Keaton Jennings: Find out more about England's latest call-up to their tour of India
By David Currie
Last Updated: 08/12/16 2:42pm
Who is Keaton Jennings? We profile the Durham opener who became the 19th England centurion on Test debut in India...
England had seemingly finally found an opening partner for Alastair Cook in 19-year-old Haseeb Hameed - so impressive in his first three Tests in India, but his departure from the tour to a broken finger again left a vacancy at the top of the order.
Jennings more than filled it with his debut ton in the fourth Test in Mumbai. Here's all you need to know about the new England Test star...
Full name: Keaton Kent Jennings
Born: Johannesburg, South Africa
What is his cricketing pedigree?
Jennings is the son of former South Africa coach (between 2004-2005), Ray Jennings, and a previous South Africa under-19 captain - even leading a successful 4-2 ODI series win over England in 2011, where he opened the batting with a certain Quinton de Kock.
But Jennings, whose mother is from Sunderland, ultimately committed himself to serving a four-year qualification period to become eligible to play for England, after being recommended to Durham by Albie Morkel.
How many runs has he scored?
Jennings averages 35.89 over his first-class career, with 16 fifties and 12 tons; the first of which came in July 2013, at home against Derbyshire. While he struggled during the following two County Championship seasons - scoring just one further hundred - it was in 2016 that Jennings truly burst onto the scene.
Jennings finished the year as the leading scorer in Division One, with 1,548 runs - smashing two fifties and seven centuries; one of which was a highest first-class score, an unbeaten 221 against the reigning champs, Yorkshire, no less. While the year ended in disaster for cash-strapped Durham, with relegation and a points deduction, Jennings' at least ended with a personal high - awarded the Cricket Writers' Club 'County Championship player of the year' award.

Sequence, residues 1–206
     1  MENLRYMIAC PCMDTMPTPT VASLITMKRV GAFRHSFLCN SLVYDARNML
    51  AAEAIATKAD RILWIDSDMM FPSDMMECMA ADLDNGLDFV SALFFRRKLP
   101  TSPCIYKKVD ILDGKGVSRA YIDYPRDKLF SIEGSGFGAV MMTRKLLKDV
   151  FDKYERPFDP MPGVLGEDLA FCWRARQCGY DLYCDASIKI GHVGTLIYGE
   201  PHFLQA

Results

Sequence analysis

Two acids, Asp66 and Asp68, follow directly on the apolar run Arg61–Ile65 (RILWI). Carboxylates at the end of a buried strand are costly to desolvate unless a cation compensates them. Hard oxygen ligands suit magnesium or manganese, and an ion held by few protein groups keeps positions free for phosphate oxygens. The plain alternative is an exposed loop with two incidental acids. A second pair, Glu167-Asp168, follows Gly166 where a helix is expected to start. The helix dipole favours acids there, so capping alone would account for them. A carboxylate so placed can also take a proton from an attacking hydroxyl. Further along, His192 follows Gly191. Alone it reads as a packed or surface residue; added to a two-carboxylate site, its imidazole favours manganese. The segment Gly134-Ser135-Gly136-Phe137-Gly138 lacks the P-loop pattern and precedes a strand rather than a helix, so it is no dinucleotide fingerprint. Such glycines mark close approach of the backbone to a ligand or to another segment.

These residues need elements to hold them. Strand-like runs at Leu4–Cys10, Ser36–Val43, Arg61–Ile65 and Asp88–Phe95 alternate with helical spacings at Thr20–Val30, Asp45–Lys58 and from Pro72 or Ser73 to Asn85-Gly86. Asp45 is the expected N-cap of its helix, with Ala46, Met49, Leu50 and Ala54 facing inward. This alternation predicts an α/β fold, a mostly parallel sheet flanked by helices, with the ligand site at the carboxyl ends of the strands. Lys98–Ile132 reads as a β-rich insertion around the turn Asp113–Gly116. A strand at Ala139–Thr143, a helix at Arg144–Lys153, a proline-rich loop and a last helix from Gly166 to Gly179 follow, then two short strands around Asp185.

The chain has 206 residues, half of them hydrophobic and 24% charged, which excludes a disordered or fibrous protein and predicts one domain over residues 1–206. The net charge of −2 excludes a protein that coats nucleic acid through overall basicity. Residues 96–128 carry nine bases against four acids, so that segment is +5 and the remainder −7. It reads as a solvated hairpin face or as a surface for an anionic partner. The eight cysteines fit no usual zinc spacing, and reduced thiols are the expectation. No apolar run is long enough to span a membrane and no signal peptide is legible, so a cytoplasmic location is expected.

What kind of opener can England expect?
For the superstitious among you, the signs are positive, with Jennings sharing his birthday - June 19 - with one of England's greatest ever openers, Wally Hammond. However, it might be a bit of a stretch to expect Jennings to match his 7,249 Test runs across 85 caps, with an average of 58.45 and top score of 336 not out - a Test record at the time in 1933.
In comparison to the man he might replace, Jennings is not quite as obdurate an opener, with a first-class strike-rate of 46.40 against Hameed's 37.96, but that's not to say that the left-hander is of the swashbuckling variety - although the 88 he smashed off 58 balls in the final of the 2016 NatWest T20 Blast might suggest otherwise. It's the highest score ever recorded at on finals day, though it wasn't enough to see Durham triumph over Northamptonshire.
What does another England opening great make of him?
"I thought he played superbly," added Atherton. "What you look for in a new players is that they are not afraid and he did not look overawed at all.
"There was no surprise he played the seamers nicely with his South African and Durham grounding, but with a combination of aggression and a solid defence, he played the spinners well too.
"He's a great find and I think when they play Test cricket in July next summer, England will look to play Cook, Hameed and Jennings all in the top three, and slot Root down to No 4."
Live coverage of the fourth Test between India and England in Mumbai continues on Sky Sports 2.